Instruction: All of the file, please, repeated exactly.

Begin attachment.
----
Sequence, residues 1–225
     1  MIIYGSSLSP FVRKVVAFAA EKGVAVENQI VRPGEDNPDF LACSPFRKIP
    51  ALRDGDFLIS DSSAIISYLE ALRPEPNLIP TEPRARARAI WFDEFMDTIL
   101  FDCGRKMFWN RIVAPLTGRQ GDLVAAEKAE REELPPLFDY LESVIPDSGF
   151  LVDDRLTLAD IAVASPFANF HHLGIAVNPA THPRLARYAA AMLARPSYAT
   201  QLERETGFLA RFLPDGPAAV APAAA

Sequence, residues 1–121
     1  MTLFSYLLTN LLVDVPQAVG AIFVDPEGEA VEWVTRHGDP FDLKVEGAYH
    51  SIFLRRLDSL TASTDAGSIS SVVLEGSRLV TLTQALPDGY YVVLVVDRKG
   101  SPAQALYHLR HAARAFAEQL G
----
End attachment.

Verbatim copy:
Sequence, residues 1–225
     1  MIIYGSSLSP FVRKVVAFAA EKGVAVENQI VRPGEDNPDF LACSPFRKIP
    51  ALRDGDFLIS DSSAIISYLE ALRPEPNLIP TEPRARARAI WFDEFMDTIL
   101  FDCGRKMFWN RIVAPLTGRQ GDLVAAEKAE REELPPLFDY LESVIPDSGF
   151  LVDDRLTLAD IAVASPFANF HHLGIAVNPA THPRLARYAA AMLARPSYAT
   201  QLERETGFLA RFLPDGPAAV APAAA

Sequence, residues 1–121
     1  MTLFSYLLTN LLVDVPQAVG AIFVDPEGEA VEWVTRHGDP FDLKVEGAYH
    51  SIFLRRLDSL TASTDAGSIS SVVLEGSRLV TLTQALPDGY YVVLVVDRKG
   101  SPAQALYHLR HAARAFAEQL G